Tag Archives: society

Daily Heil’s teacher-shaming propaganda campaign is potentially deadly – and racist, too

‘Let our teachers be heroes’: is that because DEAD heroes don’t cause trouble for Tories?

The Daily Mail has scored a spectacular own-goal by not only attacking teachers who are fighting to keep our children safe from the coronavirus, but by doing it in a racist way.

The right-wing rag is supporting Education Secretary Gavin Williamson in his claim that teachers should “do their duty” and get children back into school at the beginning of June – despite the fact that Williamson has offered no evidence to reassure either teachers, parents or pupils that measures will be imposed to make them all safe from infection with the coronavirus.

This Site published information earlier, in which the Department for Education’s own scientific advisor admitted that reopening schools could potentially create hundreds of potential “vectors” – per school – that could then transmit Covid-19 into society at large. He offered no proof that scientific evidence had played any part in the decision to demand that schools reopen. And he admitted that he had not assessed whether the government’s proposals for opening schools safely could be implemented in an effective way.

In short, the plan to reopen schools is a deathtrap. And the Daily Mail supports it.

Not only that, but the paper that supported Adolf Hitler in the run-up to World War Two (he was also a racist) has managed to demonstrate its own racism with the stock picture it used to illustrate its Tory government propaganda piece – by cutting out the children of minority ethnic parentage from the image:

Sickening.

Fortunately, right-thinking people across the UK have been standing up to humiliate the Mail. Here’s just a sample of their comments:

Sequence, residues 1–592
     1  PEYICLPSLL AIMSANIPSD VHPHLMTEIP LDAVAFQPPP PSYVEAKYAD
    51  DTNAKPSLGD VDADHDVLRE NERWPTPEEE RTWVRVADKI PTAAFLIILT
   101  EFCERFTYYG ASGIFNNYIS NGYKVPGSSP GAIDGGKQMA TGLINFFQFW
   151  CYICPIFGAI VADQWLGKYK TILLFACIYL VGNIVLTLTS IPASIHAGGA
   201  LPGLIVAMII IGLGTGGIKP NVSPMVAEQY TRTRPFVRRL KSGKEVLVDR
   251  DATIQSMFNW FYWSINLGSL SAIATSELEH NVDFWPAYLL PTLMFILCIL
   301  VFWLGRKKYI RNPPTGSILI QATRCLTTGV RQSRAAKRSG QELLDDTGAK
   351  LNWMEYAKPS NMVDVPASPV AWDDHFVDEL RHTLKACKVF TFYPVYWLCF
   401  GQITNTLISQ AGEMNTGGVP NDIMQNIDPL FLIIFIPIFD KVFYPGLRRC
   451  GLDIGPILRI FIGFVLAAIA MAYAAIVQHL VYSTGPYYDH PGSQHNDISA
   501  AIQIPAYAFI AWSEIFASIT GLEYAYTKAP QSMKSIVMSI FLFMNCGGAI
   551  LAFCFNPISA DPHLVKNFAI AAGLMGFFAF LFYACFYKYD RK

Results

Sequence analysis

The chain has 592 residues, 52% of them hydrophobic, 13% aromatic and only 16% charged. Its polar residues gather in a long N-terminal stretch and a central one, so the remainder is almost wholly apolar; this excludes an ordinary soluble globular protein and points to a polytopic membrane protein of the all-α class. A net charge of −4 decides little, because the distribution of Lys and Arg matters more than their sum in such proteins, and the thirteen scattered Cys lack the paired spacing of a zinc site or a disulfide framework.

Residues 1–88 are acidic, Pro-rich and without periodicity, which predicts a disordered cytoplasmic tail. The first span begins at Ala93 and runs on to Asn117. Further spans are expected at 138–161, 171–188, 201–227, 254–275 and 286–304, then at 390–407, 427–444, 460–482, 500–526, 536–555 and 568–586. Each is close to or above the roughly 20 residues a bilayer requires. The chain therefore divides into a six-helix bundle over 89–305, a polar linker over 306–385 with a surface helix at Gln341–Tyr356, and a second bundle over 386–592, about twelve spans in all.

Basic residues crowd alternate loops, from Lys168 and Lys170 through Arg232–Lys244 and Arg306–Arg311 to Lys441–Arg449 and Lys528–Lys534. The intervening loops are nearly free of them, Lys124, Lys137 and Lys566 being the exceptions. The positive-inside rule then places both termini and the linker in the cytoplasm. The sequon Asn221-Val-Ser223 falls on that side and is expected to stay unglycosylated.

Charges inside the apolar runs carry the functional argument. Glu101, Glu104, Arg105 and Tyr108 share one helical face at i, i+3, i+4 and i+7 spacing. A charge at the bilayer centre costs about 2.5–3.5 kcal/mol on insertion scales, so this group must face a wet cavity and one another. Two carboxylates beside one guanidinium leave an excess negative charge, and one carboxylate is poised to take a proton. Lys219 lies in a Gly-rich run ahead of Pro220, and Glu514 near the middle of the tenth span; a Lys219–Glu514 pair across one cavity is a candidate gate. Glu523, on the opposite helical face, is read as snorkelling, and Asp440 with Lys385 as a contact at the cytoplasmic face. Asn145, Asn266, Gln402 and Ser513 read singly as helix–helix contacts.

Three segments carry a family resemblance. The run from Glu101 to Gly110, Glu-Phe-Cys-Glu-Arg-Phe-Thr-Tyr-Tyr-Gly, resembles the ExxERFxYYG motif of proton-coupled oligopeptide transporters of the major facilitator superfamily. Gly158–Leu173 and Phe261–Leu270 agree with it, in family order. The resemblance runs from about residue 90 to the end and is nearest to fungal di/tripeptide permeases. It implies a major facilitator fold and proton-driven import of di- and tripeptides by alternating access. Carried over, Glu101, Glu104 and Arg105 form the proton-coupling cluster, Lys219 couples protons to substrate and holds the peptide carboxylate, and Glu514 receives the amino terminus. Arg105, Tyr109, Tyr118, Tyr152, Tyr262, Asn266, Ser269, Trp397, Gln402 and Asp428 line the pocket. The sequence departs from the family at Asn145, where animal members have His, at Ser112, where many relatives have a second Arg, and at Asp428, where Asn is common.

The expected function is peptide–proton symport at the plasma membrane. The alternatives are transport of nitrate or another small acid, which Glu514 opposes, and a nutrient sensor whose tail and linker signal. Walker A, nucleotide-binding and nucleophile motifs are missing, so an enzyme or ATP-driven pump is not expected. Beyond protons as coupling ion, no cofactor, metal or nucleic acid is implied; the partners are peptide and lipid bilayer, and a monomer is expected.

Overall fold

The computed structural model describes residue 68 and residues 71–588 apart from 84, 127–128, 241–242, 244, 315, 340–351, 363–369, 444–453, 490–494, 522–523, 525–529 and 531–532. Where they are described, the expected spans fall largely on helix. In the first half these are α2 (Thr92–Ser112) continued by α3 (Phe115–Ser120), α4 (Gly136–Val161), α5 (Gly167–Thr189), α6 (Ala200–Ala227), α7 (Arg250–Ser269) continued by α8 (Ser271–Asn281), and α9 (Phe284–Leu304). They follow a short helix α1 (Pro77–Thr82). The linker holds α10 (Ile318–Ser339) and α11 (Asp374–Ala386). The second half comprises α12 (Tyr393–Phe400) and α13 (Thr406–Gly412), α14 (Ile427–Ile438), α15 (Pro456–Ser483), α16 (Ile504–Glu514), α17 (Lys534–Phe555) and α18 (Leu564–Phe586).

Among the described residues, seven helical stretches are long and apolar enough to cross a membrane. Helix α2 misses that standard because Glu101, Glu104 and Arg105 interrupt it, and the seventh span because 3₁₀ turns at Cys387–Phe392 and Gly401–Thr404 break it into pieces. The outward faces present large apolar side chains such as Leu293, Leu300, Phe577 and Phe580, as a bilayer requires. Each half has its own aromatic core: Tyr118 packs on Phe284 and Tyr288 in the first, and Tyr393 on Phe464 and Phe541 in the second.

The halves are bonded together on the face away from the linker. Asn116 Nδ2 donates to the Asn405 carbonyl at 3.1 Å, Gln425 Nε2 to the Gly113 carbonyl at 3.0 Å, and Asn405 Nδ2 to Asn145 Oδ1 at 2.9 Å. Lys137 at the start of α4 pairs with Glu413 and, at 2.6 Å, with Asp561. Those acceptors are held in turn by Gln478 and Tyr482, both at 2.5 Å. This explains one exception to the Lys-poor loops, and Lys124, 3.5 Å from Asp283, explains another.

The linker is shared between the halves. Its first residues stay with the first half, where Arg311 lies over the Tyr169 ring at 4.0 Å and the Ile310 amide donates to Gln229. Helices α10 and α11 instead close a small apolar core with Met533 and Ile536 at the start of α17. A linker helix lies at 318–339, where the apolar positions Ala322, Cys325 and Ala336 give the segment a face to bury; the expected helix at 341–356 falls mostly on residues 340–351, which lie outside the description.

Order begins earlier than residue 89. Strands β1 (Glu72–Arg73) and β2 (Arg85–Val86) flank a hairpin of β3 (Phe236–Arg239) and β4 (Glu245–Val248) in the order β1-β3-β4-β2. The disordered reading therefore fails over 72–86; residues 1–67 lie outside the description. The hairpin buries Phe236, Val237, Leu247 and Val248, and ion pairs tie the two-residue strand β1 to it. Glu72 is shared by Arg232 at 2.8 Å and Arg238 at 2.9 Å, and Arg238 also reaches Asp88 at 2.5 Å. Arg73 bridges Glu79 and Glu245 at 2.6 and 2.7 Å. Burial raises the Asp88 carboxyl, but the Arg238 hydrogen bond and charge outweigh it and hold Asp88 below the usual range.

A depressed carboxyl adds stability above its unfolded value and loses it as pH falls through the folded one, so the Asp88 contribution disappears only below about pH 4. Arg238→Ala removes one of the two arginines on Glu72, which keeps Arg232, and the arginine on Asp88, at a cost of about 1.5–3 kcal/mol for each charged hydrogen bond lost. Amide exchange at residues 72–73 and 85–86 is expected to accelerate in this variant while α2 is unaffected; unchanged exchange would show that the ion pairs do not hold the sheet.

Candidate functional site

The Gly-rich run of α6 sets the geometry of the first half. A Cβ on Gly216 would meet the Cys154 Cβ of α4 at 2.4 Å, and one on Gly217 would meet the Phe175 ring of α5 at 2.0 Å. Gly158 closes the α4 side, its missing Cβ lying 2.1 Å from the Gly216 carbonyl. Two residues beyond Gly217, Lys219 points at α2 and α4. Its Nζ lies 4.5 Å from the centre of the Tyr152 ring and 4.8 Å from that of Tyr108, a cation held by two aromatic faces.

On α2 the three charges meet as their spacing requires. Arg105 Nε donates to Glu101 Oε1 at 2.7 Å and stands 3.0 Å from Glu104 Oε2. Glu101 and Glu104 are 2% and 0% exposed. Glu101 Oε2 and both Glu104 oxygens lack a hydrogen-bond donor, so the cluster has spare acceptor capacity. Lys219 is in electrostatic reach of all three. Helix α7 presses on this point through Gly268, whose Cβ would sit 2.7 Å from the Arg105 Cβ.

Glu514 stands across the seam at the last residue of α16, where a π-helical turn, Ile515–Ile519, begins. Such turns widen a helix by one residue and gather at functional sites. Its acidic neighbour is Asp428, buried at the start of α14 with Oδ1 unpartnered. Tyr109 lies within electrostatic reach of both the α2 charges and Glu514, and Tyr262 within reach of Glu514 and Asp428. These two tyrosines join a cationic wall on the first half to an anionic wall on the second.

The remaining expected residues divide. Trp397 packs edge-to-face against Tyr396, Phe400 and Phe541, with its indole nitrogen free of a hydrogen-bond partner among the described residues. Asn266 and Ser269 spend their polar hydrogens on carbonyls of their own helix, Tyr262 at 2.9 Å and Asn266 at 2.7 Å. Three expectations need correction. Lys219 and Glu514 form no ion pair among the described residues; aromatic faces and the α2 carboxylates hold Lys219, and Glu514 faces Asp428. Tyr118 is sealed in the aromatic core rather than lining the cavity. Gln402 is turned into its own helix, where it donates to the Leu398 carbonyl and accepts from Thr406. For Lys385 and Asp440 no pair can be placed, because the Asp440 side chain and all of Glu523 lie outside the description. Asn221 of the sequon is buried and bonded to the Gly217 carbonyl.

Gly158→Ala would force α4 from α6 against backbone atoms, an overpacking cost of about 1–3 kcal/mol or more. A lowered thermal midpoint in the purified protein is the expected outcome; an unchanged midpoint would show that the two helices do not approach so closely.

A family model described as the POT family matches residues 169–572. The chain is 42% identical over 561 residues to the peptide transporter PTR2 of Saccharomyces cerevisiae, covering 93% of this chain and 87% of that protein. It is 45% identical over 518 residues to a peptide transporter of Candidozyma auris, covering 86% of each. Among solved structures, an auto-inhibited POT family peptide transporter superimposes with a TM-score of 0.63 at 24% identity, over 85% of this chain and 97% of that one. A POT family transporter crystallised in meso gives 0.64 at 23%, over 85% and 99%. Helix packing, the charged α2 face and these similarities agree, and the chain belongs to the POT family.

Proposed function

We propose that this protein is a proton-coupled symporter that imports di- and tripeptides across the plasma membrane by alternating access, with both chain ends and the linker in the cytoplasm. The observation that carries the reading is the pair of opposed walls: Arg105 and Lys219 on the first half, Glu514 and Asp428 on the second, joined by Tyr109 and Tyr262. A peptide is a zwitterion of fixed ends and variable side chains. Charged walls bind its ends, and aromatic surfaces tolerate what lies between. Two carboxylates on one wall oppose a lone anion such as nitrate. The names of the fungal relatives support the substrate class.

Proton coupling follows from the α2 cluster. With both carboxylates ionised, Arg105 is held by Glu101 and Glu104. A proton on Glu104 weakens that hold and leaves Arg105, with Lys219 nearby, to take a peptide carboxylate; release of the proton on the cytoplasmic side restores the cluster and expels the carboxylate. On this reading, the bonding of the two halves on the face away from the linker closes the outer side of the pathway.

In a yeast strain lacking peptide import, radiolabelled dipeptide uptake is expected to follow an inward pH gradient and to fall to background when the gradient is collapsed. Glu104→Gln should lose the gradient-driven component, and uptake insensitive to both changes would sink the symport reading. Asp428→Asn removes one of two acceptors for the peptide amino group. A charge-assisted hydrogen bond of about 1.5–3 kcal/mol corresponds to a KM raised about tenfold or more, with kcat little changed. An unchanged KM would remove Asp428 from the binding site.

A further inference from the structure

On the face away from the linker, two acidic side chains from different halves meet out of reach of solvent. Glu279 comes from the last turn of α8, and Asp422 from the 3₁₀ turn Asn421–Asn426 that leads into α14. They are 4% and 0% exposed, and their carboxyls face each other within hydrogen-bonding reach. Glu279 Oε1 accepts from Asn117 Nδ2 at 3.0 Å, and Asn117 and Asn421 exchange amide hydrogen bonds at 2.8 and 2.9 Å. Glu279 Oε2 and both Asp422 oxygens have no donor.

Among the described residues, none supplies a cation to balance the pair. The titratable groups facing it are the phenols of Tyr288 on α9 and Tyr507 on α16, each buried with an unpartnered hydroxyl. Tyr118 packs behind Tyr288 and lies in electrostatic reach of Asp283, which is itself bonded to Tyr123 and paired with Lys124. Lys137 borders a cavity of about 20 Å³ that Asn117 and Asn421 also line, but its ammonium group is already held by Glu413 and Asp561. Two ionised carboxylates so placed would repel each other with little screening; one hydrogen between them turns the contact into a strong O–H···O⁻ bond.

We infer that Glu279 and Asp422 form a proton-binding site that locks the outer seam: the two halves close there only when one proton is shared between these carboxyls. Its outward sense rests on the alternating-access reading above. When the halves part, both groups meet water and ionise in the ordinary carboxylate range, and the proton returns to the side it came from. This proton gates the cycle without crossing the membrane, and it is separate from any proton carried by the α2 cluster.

https://twitter.com/Tobysdad41/status/1261247011149529088

Have YOU donated to my crowdfunding appeal, raising funds to fight false libel claims by TV celebrities who should know better? These court cases cost a lot of money so every penny will help ensure that wealth doesn’t beat justice.

https://www.crowdjustice.com/case/mike-sivier-libel-fight/


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Fake news: Lib Dems condemned for campaign leaflets ‘imitating local papers’

You may be getting tired of this image, but it adequately describes the Liberal Democrat offer to the electorate.

This is awkward:

The Liberal Democrats are facing criticism over election campaign leaflets that look like local newspapers.

The party, led by Jo Swinson, has distributed material that mimics local papers as part of its election campaign leading to complaints from newspaper editors.

The Society of Editors has condemned the party for what it says “appears to be a concerted effort by the Liberal Democrats to mislead readers and voters”.

Ian Murray, executive director of the Society of Editors, suggested the move showed the party was taking a hypocritical stance on ‘fake news’.

He said: “It is ironic how it is often politicians who complain about fake news but then set out to at least blur the lines for readers – and in this case voters – by packaging their partial messages to ape independent newspapers.

“If political parties were genuine in their desire, often expressed, to both remove the effects of fake news and disinformation as well as support existing regional and local media they would take steps to ensure their political freesheets look markedly different to real newspapers.”

Indeed. This Writer received one through the door yesterday morning.

News from Jo Swinson’s Liberal Democrats, it thunders. When did Jo Swinson take ownership of the party as well as leadership?